Retiring CEO will earn $250,000 for no more than 8 weeks of work

This image was removed due to legal reasons.
This image was removed due to legal reasons.

The retiring CEO of investment firm T. Rowe Price will earn $250,000 for no more than eight weeks worth of work a year, according to a company filing first reported by the Baltimore Business Journal.

As they point out, if Kennedy worked a standard 40-hour work week — unlikely in this kind of gig — that would work out to $781 an hour.


James A.C. Kennedy is stepping down after 36 years at the company, but will stay on as a part-time consultant providing "strategic services." He will also be reimbursed for any expenses incurred during this work.

The agreement will renew each year unless the company or Kennedy terminate it, the fling says.

Last year Kennedy earned $8.9 million in total compensation.

It's not exactly a "golden parachute," which kicks in when a company official leaves because of a merger or dismissal. But it jibes with an ongoing trend of outsized executive compensation. Even as boards have cut back on flashy perks for top executives, they're still offering individuals tens of thousands of dollars' worth of services like tax planning and transportation.


The head of labor group AFL-CIO, Richard Trumka, recently called out a particularly egregious practice of banks giving big payouts to executives who go into public service—and then often return to Wall Street. In a letter to banks, he said these revolving door incentives need to stop.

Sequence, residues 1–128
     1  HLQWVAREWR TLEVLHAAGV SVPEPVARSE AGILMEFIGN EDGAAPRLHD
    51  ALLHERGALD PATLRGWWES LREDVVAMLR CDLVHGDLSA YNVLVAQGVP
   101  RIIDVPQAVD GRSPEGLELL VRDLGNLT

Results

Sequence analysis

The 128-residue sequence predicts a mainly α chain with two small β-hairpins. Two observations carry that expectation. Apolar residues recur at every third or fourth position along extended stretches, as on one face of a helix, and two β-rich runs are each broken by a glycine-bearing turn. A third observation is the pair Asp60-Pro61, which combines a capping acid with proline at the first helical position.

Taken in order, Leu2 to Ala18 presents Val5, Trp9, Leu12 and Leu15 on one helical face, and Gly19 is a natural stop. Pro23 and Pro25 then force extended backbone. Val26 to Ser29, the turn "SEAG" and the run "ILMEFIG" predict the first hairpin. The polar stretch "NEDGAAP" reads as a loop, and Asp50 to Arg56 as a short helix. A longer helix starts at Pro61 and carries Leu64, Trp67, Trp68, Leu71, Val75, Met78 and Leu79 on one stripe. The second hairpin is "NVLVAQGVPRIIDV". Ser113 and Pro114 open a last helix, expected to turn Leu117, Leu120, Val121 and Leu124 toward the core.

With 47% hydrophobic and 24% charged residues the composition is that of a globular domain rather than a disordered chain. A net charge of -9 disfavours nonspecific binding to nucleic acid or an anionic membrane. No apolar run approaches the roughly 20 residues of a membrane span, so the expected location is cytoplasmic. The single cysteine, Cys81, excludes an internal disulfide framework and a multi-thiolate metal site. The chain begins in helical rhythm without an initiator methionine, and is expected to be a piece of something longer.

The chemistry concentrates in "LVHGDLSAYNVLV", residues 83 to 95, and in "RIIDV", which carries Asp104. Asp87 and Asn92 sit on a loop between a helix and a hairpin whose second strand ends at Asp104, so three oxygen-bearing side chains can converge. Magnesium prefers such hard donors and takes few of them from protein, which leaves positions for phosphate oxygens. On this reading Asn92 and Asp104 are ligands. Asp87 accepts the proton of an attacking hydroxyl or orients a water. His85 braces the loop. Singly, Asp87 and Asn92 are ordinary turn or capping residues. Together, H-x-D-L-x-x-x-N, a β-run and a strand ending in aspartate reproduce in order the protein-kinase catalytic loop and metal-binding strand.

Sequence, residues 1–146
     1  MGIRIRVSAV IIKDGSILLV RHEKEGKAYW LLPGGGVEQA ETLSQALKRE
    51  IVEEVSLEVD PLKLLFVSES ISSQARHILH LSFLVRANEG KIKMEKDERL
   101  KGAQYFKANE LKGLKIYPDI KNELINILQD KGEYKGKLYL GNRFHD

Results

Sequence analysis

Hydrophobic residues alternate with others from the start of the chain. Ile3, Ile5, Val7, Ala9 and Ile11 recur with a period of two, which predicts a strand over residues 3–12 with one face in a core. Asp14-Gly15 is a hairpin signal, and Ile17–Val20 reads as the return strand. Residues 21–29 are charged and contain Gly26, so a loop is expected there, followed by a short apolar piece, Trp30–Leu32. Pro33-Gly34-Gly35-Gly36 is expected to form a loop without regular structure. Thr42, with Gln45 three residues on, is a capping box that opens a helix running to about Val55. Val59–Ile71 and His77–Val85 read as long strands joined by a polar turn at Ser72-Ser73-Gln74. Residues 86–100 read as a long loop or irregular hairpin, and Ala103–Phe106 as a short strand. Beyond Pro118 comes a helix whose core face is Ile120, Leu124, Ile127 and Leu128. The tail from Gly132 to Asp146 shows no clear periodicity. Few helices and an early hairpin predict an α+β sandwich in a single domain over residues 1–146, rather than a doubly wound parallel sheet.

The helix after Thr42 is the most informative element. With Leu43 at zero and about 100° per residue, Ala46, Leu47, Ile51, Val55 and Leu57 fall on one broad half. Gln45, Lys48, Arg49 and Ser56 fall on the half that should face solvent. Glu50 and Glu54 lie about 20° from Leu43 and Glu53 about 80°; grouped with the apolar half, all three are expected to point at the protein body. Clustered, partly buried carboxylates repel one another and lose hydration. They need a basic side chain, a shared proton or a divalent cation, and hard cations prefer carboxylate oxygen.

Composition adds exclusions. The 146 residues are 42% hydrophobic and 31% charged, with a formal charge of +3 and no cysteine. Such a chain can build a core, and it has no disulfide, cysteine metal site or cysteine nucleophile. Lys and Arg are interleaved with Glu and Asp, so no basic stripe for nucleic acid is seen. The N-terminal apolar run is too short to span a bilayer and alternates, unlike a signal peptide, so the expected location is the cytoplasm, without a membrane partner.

“The acceleration of equity awards for executives who voluntarily resign to enter government service adds a new and outrageous wrinkle,” Trumka said, according to The Hill.


“After all, how do Wall Street banks benefit from giving their executives a financial incentive to enter government service? Do they expect to receive favorable government treatment from their former executives? If not, why should bank shareholders be asked to bear the cost?”

Sen. Tammy Baldwin (D-Wis.) and Rep. Elijah Cummings (D-Md.) introduced legislation in July that would ban such government-service bonuses, the Hill notes.


Rob covers business, economics and the environment for Fusion. He previously worked at Business Insider. He grew up in Chicago.

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